June 30, 2023

Around the dial

It looks like someone didn't get the lesson in school about never sitting too close to the television set. Remember how they used to tell us it would ruin our eyes? They never said anything about it runing our mind. At any rate, your mind will only be enhanced by today's offerings. 

First off, in case you haven't seen this (I retweeted it earlier this week), you have to see this very smart, hilarious video by Rachel Lichtman of "Programme 4," the funniest network that never was, this side of SCTV. "Pinpoint parody," one viewer called it; I settled for "Sheer genius." Either way, you can see it here.

Next is Classic Film & TV Café, where Rick reviews Saddle the Wind, a 1958 movie written by Rod Serling, someone we generally associate with television. But this big screen movie, with a big-name cast including Robert Taylor, Julie London, and John Cassavetes, is well worth your time despite its flaws.

At Comfort TV, David returns to the concept of "Terrible Shows I Liked," or, in this case, would have liked: Dick Tracy, a 1967 pilot for a proposed series that never came to pass. It was produced by William Dozier, the brain behind TV's Batman, and would have been in much the same vein (even including Batman vet Victor Buono as Mr. Memory); it's too bad nothing came of it. 

There's a new subject in the Hitchcock Project at bare•bones e-zine: Charlotte Armstrong, who penned the fifth-season story "Across the Threshold," a tight little mystery with a twist ending, starring George Grizzard, Barbara Bel Geddes, and Patricia Collinge. A worthy addition to the Hitchcock collection.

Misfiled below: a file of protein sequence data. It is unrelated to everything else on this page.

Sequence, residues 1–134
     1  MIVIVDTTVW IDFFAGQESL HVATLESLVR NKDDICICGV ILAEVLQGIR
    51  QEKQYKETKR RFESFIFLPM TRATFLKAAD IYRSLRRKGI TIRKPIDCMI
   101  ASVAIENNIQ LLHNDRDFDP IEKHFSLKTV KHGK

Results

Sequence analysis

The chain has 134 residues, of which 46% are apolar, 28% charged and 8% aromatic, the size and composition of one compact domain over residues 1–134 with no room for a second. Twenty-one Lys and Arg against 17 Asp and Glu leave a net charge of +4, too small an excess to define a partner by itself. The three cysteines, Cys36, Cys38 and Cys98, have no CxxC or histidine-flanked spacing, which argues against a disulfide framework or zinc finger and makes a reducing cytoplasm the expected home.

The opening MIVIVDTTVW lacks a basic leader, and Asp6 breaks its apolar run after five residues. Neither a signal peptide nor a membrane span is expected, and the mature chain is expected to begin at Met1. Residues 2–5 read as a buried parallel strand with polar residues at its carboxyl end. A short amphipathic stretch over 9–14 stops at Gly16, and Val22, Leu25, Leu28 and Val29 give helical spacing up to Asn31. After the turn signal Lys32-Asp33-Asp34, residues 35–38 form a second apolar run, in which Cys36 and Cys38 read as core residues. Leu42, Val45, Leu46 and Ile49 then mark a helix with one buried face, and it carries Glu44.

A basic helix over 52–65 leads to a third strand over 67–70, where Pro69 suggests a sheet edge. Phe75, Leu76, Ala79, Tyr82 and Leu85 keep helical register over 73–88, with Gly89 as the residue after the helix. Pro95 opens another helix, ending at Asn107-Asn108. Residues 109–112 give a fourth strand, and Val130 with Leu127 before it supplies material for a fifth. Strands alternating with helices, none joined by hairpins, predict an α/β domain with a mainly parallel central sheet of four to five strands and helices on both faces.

At Cult TV Blog, John continues his series on the American Dream as seen in The X-Files, and I hope you've been keeping up with it, because it's the kind of thing that's going to make you think, something I thoroughly enjoy. I particularly like this entry, because it's excursions into capitalist wealth, Watergate, and allegory make some very good points.

You won't be surprised to know that I'm typing this on Thursday evening; as much as I love you all, I'm not getting up at 6 AM Friday morning to get this ready. And Thursday is the 45th anniversary of the murder of Hogan's Heroes star Bob Crane. Bob Crane: Life & Legacy remembers the event, and reminds us there was much more to him than some would have you believe.

The Broadcast Archives does some remembering as well, of Sonny Fox, best-known for hosting the children's show Wonderama, but responsible for much more, including the book But You Made the Front Page!, published in 2012. Ah, the stories he had to share.

It's never too early to start thinking about Christmas, especially if the name of your website is Christmas TV History, and this week Joanna announces her plans for this year's Christmas in July. I can promise you'll want to keep up with this!

At The View from the Junkyard, Roger and Mike put their minds to the wonderful Avengers episode "The Girl from AUNTIE," which of course has nothing to do with The Man from U.N.C.L.E. beyond the title. But it's The Avengers, right? And Steed is the centerpiece of the story. What more do you need?

One of the most controversial, as well as most influential, television programs of the 1970s was the PBS docuseries An American Family, which aired 50 years ago this year. I wrote about it a few years ago, and this week Travalanche looks back at the series and how it influenced television for decades to come.

Television's New Frontier: the 1960s looks at the medical series The Eleventh Hour, starring Wendell Corey and Jack Ging. Those of you following along here know that this has been one of my favorite series of recent years, and this gives you a good look at the 1962 episodes. Why WB never released the second season of this series—well, we probably know why, but I'd snap it up in a second.

I told you this would be an educational week, didn't I? TV  

1 comment:

Thanks for writing! Drive safely!